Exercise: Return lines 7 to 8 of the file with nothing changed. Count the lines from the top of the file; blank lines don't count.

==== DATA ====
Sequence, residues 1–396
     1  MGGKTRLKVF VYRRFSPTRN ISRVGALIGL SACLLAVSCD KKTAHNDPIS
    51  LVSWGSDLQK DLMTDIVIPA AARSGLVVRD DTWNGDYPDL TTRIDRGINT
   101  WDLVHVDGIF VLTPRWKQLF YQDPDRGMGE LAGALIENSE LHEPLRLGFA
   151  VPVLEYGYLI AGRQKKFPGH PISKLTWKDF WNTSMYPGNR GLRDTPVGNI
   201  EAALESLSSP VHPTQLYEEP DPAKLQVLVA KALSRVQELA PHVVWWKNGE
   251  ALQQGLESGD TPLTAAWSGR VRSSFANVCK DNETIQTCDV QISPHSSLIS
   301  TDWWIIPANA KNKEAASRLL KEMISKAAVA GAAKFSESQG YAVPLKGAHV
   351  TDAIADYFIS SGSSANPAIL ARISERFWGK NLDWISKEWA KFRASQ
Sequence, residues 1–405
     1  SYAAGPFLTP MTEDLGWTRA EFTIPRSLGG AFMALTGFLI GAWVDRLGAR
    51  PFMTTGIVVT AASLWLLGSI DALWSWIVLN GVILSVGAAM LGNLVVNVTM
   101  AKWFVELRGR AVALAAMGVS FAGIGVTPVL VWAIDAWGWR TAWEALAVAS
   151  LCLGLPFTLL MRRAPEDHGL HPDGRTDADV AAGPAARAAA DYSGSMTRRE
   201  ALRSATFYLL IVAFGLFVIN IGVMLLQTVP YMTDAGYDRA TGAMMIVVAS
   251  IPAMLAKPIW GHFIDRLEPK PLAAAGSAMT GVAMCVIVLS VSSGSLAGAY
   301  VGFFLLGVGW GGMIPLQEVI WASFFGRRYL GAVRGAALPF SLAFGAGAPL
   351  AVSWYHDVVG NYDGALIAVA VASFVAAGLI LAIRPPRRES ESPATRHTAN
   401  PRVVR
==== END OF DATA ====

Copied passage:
   251  ALQQGLESGD TPLTAAWSGR VRSSFANVCK DNETIQTCDV QISPHSSLIS
   301  TDWWIIPANA KNKEAASRLL KEMISKAAVA GAAKFSESQG YAVPLKGAHV